Last week, the estimable PolitiFact.com gave its harshest verdict – “Pants on Fire” – to a DCCC ad attacking the Republican plans to privatize Medicare. There are a bunch of exaggerations and questionable assertions in the ad (as in many political ads) but the nub of the issue was the assertion that “Republicans voted to end Medicare.” PolitiFact objected on these grounds:

Yes, the Republican plan would be a huge change to the current program, and seniors would have to pay more for their health plans if it becomes law. Democrats, including President Barack Obama, have said they are strongly opposed to the plan.

But to say the Republicans voted to end Medicare, as the ad does, is a major exaggeration. All seniors would continue to be offered coverage under the proposal, and the program’s budget would increase every year.

Medicare defenders have objected on the grounds that the GOP changes to the program would render it so radically different in form from the old, and the benefits would fall so far short in various ways, that it effectively means the end of Medicare “as we know it.” PolitiFact alludes to that, saying calling it a “critical qualifier” the ad should have included.

Here’s my problem. This is a semantic thicket, and adjudicating this is a hopelessly slippery distraction. PolitiFact has fallen into a trap that exposes some of the limits of political fact-checking as currently practiced.

There is no fact-based “objective” answer to the question at hand. A binary choice will either favor the biases of Republicans, who stress continuity (disingenuously, in my view, given Medicare as currently constituted is viewed by so many people as virtually sacrosanct), or of Democrats, who stress the discontinuity (overplaying that hand in the TV spot). The Republican plan would replace the current version of Medicare with a radically different program. Is this still “Medicare”? Well, it’s still called Medicare, and still pays for (some) health insurance for the elderly as Medicare does. (That’s the PolitiFact argument.) On the other hand, the reforms would change the program fundamentally. Its nature as guaranteed government-provided social insurance would be lost.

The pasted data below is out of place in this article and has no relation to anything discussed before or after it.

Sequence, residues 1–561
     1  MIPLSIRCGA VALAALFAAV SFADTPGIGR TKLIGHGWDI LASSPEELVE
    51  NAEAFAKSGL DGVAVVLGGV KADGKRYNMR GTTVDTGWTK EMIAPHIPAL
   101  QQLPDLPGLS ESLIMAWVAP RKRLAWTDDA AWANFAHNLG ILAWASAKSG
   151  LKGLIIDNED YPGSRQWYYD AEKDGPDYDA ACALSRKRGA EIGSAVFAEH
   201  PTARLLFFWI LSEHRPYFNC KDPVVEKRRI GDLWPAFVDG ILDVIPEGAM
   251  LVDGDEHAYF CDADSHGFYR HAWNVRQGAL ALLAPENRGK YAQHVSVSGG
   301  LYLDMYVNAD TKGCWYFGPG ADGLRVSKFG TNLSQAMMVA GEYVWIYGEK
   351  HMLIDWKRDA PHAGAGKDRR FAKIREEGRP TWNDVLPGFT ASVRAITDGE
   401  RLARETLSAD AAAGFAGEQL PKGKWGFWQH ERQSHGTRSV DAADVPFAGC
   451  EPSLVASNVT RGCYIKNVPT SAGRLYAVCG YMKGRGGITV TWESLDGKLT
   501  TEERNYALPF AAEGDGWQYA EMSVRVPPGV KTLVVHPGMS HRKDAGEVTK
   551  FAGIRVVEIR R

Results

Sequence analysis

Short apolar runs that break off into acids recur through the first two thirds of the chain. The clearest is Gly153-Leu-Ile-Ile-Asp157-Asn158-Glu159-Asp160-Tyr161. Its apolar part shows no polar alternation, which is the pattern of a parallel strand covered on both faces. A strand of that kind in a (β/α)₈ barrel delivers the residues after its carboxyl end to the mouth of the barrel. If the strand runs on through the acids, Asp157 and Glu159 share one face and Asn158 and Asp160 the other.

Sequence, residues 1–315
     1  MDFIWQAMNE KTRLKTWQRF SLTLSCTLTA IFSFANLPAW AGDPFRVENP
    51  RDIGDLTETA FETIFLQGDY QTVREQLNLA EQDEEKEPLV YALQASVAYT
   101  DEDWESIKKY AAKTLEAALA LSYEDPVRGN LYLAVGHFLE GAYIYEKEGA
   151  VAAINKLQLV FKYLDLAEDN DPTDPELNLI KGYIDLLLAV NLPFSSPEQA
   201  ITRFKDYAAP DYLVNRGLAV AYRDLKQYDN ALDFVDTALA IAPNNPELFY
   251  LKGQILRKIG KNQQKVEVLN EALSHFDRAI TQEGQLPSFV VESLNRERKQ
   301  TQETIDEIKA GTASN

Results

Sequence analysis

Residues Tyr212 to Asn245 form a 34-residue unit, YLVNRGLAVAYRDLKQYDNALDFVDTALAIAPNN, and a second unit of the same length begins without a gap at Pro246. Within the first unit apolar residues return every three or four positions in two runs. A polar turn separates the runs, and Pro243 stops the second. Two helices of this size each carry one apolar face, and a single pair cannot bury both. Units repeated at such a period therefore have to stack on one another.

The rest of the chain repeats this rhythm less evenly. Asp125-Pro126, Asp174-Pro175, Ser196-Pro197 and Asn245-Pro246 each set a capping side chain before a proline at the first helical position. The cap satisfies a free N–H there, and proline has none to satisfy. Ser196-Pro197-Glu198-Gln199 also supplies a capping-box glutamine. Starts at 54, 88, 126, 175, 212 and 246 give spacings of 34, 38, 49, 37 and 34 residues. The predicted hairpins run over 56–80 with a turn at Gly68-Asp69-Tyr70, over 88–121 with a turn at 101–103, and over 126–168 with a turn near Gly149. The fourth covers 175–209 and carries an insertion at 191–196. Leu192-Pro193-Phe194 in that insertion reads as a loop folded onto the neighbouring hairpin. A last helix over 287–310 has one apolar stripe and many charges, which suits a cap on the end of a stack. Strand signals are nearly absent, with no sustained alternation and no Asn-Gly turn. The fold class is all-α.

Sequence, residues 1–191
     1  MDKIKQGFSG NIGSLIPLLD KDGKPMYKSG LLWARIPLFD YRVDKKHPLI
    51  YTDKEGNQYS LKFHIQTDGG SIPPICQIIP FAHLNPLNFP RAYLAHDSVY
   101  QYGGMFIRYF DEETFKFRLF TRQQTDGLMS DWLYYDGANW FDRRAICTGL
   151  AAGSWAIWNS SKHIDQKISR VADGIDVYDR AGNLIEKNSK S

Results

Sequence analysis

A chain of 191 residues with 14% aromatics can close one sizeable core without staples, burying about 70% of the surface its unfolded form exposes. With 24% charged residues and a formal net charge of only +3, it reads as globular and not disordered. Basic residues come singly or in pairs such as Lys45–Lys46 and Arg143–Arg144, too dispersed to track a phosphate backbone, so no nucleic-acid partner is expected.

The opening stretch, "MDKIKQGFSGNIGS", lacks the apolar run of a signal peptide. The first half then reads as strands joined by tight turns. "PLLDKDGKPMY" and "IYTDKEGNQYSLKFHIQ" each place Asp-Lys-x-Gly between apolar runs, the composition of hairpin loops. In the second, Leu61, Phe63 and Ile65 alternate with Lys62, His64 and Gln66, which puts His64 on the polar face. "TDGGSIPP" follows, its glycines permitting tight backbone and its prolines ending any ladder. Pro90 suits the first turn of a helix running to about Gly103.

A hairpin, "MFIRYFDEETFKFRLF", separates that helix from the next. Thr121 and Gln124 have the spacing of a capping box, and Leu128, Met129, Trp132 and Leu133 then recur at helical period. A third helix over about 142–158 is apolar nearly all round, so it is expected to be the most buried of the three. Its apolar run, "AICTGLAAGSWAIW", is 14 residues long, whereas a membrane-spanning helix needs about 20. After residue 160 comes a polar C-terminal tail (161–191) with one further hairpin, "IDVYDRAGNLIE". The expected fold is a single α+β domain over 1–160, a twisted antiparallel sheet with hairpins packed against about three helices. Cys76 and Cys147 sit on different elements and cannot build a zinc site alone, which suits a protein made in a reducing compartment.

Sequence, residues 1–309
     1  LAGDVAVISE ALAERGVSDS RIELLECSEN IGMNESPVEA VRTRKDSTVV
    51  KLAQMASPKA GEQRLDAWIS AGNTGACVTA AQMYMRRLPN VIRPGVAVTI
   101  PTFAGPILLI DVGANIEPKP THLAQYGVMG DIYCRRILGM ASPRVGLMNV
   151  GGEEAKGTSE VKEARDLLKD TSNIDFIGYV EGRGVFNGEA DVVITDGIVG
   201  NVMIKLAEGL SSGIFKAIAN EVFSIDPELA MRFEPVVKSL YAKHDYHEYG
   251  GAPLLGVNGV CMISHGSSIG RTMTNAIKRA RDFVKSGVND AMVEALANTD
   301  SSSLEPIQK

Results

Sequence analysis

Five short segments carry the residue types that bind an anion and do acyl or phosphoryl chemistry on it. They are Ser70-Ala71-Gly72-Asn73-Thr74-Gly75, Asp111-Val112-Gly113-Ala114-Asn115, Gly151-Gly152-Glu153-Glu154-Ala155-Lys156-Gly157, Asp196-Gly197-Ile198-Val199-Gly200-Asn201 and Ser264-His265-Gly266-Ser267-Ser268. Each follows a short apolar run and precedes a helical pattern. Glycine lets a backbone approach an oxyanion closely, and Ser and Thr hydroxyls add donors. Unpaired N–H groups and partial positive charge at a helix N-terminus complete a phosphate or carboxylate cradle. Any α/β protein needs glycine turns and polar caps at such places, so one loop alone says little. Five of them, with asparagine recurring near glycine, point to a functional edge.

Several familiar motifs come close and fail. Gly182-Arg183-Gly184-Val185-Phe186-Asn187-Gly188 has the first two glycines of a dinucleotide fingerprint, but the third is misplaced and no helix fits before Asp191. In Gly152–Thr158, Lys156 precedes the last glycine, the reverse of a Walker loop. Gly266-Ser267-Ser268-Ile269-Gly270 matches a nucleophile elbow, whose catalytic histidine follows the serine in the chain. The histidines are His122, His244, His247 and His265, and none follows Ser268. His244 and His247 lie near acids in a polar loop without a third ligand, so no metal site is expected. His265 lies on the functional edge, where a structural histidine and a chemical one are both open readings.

But here’s a test that shows the essential semantic nature of this dispute: If the Republicans called their “new Medicare” program “ElderCare” instead and left everything else the same, PolitiFact would have to concede that Republicans had indeed voted to “end Medicare.”

We crave impartial judges, and fact-check sites such as PolitFact are extremely valuable during a time when the impartiality of basically all media institutions is being questioned. But political arguments have deep roots and resonances – especially those surrounding Medicare. Fact-checkers claiming impartiality owe it to us not just to apply an arbitrary, back-of-the-envelope standard of what makes Medicare “Medicare.” They must take Medicare’s history seriously, and explain the sophisticated  rhetorical stratagems being employed that attempt to elide – or to exploit – that history. Making sense of this requires more explanation of what’s at stake, a narrative, even – not a binary choice and a catchy label. It’s not that either-or choices and labels are never useful in explaining complex topics. But entitlement politics resembles three-dimensional chess.

By announcing its “objective” answer to a question with no objective answer, PolitiFact didn’t clarify this most important of issues, it muddied it. As Josh Marshall points out here, its “pants on fire” ruling has fueled juvenile coverage on the “debate about the debate.” The actual impacts of Medicare retrenchment? Not so much.

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